E-mail’s inventor has died but cre@tive minds leave huge electronic legacies

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NEW YORK, NY -  With just one keystroke on a computer keyboard, Ray Tomlinson may have saved the @ sign from extinction.

You may not have known his name, but Tomlinson is the guy you can thank for your over-flowing Inbox. He was an early Internet genius who invented e-mail. He died Sunday, at 74, but leaves behind a giant electronic legacy.

While making a public appearance a few years ago, Tomlinson said, “I’m often asked, did I know what I was doing (laugh) the answer is...yea. I knew exactly what I was doing. I just had no notion whatsoever of what the ultimate impact would be.”

Tomlinson was inducted into the Internet Hall of Fame in 2012.

G-mail, one of many off-shoots of his creation, paid tribute with a tweet. “Thank you, Ray Tomlinson, for inventing e-mail and putting the @ sign on the map.”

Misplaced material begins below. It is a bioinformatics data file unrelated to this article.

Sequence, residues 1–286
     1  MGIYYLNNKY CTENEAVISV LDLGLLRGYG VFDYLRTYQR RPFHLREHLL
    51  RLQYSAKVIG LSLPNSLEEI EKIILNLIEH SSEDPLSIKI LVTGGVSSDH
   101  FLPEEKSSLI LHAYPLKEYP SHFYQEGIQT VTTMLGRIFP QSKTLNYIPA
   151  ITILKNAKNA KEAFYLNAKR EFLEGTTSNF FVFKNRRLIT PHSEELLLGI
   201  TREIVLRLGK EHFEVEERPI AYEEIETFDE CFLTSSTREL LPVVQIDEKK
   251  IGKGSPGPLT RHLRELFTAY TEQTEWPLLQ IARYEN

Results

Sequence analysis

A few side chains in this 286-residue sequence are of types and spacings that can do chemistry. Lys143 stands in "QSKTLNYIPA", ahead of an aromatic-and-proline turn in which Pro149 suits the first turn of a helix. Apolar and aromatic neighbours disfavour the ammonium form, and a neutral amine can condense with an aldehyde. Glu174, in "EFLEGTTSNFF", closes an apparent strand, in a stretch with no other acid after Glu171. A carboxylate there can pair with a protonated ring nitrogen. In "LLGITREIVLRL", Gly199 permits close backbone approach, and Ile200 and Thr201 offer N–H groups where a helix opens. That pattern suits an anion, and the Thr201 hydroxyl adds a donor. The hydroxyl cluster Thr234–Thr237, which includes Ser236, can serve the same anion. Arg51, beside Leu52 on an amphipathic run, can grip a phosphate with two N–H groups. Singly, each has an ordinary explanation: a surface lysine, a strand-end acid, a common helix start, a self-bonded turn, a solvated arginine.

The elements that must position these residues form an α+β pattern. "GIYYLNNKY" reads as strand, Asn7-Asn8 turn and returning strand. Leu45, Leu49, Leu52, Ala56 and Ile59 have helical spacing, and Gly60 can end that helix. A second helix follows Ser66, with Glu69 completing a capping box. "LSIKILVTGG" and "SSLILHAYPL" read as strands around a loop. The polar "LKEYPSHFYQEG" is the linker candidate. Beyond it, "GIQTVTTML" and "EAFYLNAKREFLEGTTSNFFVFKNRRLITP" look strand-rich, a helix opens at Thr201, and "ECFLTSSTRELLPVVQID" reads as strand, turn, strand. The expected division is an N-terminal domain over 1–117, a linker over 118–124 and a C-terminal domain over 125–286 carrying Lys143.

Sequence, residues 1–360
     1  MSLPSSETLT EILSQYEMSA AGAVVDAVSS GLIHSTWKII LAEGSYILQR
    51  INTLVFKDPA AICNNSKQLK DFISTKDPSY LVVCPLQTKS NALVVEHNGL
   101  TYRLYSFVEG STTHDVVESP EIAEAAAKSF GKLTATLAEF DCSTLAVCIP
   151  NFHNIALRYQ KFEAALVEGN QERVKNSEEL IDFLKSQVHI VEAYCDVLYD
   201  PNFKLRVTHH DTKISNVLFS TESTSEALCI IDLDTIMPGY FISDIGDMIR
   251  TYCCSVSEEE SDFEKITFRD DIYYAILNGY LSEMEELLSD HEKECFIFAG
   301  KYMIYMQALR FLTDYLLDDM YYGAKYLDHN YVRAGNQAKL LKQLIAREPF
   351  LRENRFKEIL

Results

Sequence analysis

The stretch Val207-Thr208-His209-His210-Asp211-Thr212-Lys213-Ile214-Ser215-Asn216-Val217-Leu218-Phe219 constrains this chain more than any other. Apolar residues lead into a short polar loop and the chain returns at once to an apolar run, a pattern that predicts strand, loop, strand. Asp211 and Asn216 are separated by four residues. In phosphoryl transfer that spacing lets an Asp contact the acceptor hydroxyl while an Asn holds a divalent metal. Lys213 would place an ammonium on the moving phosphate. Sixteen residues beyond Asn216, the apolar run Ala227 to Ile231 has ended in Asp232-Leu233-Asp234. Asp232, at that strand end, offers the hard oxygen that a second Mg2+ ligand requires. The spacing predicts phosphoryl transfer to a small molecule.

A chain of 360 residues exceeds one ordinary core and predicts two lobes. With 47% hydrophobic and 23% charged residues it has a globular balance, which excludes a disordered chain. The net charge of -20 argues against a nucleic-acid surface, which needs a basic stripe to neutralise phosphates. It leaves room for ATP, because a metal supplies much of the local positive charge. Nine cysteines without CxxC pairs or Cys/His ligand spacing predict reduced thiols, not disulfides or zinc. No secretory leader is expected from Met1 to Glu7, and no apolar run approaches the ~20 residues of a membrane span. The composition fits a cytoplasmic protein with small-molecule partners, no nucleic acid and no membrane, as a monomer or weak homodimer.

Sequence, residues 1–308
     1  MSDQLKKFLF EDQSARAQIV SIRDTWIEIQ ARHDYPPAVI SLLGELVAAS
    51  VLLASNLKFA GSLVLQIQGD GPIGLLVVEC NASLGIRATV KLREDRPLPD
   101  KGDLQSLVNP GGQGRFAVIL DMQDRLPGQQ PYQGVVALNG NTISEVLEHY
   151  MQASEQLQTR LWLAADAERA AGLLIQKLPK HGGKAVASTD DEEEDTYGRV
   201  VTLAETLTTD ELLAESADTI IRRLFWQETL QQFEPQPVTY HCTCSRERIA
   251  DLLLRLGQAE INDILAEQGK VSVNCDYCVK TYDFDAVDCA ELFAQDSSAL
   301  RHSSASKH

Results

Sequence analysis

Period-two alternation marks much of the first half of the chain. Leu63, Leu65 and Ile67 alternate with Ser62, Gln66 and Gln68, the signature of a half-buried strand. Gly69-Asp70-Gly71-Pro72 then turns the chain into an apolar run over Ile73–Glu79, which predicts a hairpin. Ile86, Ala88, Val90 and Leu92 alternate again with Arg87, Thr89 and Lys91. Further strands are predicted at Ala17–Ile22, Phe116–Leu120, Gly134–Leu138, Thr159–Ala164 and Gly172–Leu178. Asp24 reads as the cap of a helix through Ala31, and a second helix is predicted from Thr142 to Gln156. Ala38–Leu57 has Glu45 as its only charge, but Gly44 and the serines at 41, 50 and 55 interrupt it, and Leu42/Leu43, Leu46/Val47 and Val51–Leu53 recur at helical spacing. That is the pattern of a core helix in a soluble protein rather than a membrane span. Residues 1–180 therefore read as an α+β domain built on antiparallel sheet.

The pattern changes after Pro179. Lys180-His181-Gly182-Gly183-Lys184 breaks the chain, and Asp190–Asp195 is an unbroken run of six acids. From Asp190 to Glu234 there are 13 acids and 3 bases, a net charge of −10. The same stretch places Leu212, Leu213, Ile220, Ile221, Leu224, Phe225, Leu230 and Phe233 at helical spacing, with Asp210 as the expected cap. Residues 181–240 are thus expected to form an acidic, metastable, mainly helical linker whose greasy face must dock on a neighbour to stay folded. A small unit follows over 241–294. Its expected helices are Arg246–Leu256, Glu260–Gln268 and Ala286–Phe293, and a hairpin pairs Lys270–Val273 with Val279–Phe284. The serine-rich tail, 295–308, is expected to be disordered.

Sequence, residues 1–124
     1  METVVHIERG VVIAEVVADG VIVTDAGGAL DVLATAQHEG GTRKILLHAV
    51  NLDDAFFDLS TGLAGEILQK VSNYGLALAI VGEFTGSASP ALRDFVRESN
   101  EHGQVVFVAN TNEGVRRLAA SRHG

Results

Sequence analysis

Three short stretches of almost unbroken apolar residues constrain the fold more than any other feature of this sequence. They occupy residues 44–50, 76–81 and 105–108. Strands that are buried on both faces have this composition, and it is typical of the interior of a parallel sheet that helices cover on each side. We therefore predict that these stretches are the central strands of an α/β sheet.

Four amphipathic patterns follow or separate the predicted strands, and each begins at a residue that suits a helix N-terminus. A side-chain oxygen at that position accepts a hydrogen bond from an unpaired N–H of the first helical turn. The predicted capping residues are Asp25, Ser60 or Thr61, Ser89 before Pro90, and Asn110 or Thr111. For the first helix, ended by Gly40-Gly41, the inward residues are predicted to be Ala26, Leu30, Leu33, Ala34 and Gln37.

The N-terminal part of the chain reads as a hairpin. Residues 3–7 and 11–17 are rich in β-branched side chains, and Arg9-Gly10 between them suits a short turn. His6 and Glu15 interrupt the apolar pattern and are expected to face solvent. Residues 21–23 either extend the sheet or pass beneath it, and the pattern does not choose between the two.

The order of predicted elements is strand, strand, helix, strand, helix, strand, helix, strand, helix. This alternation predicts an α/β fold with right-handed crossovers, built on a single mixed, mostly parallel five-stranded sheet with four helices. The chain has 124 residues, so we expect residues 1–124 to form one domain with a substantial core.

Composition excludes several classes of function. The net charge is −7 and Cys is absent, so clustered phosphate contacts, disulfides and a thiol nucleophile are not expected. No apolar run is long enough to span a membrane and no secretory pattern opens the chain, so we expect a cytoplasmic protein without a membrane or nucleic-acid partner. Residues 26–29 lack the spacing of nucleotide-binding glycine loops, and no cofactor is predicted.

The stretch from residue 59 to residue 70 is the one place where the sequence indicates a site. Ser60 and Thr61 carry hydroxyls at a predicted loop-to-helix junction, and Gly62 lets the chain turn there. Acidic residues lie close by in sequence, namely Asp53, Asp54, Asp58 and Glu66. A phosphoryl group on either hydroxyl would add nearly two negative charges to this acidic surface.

Another pioneer who`s name you`ve probably never heard, Matti Makkonen, is considered the texting pioneer. He pitched the idea in 1984, but it took another eight years before the first text message was sent.

In Sweden, a guy by the name of Jaap Haartsen came up with the colorful idea known as Bluetooth.

The fact is, you couldn't text or use Bluetooth without Martin Cooper. His name may not be familiar, but his invention sure is.

“Do I think that the cell phone was an important creation in history?” asks Cooper, “I think it is one of the crucial things. Perhaps as important as the invention of the wheel.”

Now, if we could just figure out who invented the butt dial!

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